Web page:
Upon reflecting on their set list, it was interesting to see the bands opinions of their own tracks. “We were all saying that just before it came out, we thought maybe Last Breath felt like one of our weaker songs but since then it’s really taken on a different feel.” Archie explained. “To hear people singing I will spend my last breath singing after everything that’s happened is really cool.” The mention of Last Breath had me intrigued as to how the band approach writing songs that sound so different from each other. “We just keep doing left turns, it’s just a circle, we’ll be writing Generation Game soon.” Joked Herbie. “We never want to do the same thing twice. Sometimes I listen to some of our older songs and I don’t like the way its recorded but I think that’s a good thing cos it shows the evolution.” Archie added, before Herbie wrapped things up; “I think the minute people can predict where we’re going is the minute we stop. If you just play the same thing for 25 minutes you’ll never go anywhere, or at least you don’t deserve to.” This perhaps is one of the most promising things about The Lounge Society. That comment immediately took me back to October 2nd, a day after seeing a brilliant Lounge Society set, walking out of a Sports Team gig and feeling absolutely… nothing. I had clearly just witnessed a band at their most comfortable and despite the frontman’s reassurances that “This is the biggest show we’ve ever played, its huge for us.” I Still saw nothing from them to make me believe they could access any real human emotion. Let alone project that onstage into something that made ME feel something. In the Lounge Society there is a complete antitheism to this Sports Team-esque comfortability. This is by no means a call to arms, it would be self-deprecating to a degree if it was, but it is just highlighting that The Lounge Society aren’t comfortable and I don’t think they ever will be. And that should excite everyone.

Not only are they not comfortable, they have an album waiting in the wings, something that again came as a shock to me for a band so young. Normally I would expect a couple more years of singles, EP’s and countrywide tours before a jump like that is made. “We’re testing these songs. But definitely an album feels right as the next big project.” Cameron tentatively said as their tour manager made sure nothing that shouldn’t be said was being said. “The writing process of the songs just comes from anywhere.” Archie then explained it in Lameman’s terms. “Every song is a bit like a really bad collage. It’s just a load of fucking random shit that doesn’t fit together.” “We very rarely go into a room and say let’s write something today.” Hani compounded. “We’re a bit like the pineapple on pizza of music, dyou know what I mean?” Herbie rounded off with a wry smile and a sideways stare.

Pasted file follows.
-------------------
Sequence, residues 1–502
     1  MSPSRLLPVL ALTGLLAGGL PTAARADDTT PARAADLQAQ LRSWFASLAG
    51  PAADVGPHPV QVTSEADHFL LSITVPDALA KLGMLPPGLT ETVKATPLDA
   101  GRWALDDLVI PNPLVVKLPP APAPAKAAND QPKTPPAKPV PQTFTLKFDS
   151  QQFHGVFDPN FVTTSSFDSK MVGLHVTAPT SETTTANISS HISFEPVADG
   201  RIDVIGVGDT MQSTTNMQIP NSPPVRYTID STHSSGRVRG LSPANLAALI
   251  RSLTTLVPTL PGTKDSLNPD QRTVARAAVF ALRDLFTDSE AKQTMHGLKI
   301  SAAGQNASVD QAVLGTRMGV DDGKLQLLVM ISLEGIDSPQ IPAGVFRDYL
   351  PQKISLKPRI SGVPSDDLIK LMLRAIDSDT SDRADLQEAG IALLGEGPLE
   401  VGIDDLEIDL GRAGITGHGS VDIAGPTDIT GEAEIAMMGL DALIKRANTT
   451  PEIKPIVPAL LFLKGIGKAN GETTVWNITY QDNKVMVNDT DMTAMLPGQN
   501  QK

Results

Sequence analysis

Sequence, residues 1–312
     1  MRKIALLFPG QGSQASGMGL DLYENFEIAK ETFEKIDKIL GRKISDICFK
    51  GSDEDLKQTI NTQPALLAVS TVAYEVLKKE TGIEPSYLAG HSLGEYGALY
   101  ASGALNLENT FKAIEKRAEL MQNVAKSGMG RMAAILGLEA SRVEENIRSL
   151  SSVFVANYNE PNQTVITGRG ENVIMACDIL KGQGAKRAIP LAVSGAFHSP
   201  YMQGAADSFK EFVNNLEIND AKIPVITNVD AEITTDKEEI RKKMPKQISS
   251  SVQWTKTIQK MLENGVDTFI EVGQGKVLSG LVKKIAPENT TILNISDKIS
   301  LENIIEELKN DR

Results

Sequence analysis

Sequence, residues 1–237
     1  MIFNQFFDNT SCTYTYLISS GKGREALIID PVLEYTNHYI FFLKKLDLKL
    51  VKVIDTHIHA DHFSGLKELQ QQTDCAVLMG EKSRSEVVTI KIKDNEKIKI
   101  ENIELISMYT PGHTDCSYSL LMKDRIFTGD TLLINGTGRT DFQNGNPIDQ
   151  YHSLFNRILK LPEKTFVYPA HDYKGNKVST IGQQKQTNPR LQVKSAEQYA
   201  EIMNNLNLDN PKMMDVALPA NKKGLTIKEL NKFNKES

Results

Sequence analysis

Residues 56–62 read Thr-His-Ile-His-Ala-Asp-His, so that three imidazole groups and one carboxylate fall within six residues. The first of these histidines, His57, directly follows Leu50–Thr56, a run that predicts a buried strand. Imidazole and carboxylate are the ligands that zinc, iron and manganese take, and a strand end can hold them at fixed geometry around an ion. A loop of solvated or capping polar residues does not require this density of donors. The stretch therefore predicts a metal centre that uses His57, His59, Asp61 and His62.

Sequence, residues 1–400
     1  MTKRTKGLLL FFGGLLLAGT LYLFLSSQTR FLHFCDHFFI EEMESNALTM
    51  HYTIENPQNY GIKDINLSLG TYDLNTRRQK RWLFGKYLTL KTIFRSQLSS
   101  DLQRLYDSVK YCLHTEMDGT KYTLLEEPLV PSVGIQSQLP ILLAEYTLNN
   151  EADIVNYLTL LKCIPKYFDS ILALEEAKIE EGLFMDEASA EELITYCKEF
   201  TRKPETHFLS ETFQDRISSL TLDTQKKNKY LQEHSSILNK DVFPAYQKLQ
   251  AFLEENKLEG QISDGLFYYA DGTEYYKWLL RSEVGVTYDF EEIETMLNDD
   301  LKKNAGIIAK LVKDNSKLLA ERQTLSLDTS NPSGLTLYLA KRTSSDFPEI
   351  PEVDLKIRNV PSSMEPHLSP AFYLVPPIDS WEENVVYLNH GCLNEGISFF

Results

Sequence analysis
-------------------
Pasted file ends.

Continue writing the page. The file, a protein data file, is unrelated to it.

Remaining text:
With one of the most exciting labels in the country behind them (Speedy Wunderground, but you already knew that) it really does feel like The Lounge Society can’t put a foot wrong right now. But for such a young band I wandered just how influential Dan Carey and the Speedy machine had been on the band’s song making process. Herbie took the reins; “You can never really go into that studio knowing what you want and getting what you want, and that’s good. No one artist is talented enough to really know what they want and get what they want. It’s sort of the four of us plus Dan, our five varying visions coming to a bizarre compromise and that’s good because three months later you listen to it and you think that’s what it should’ve been all along. It’s not even that we need to speak we just communicate in whizzes and bangs.”

The relationship the band has with Dan Carey should come as no surprise to anyone who is familiar with the producers past projects. I couldn’t help but feel though that, taking into account Dan Carey and Speedy Wundergrounds track record as the La Masia of the rock world, bringing up promising new bands and letting them go on to bigger things. It was interesting to get such a loyal sounding bands opinion of this and where they see their future. “We don’t really care what label we’re on and I think speedy are similar, it doesn’t matter too much who the band is so long as were both right for each other. If we both want to get to the same place and we can do that with Speedy and they can do it with us then I think we’ll stay together.” Herbie explained before Cameron added “We wanna be huge and if we can do that with Speedy then we’ll do it with Speedy.” Again, some of the exciting ambition that is hard not to admire on show but I feel Hani summed up the feeling of the room. “To be able grow as a band with the label is perfect. If we can both take over together then that’s ideal.”

After some below par wrapping up by yours truly and the customary pleasantries, we shook hands and it was done. Not only had I been at their first show of their first tour a couple of weeks previous, I had also been there at their first interview of their first tour, sitting in the driver’s seat no less. Now whether or not I had the driver’s licence to be there doesn’t matter, or at least I don’t care because in talking to The Lounge Society I saw something that I don’t think I was expecting to see. So often in this business there are on-stage/on-record personas that never match up to in person interviews. They are just part and parcel of the job to the point that getting something other than this feels like a shot of pure adrenochrome directly into your will to live. I have seen the Light that Never Goes Out, they are called The Lounge Society.

Photo: Piran Aston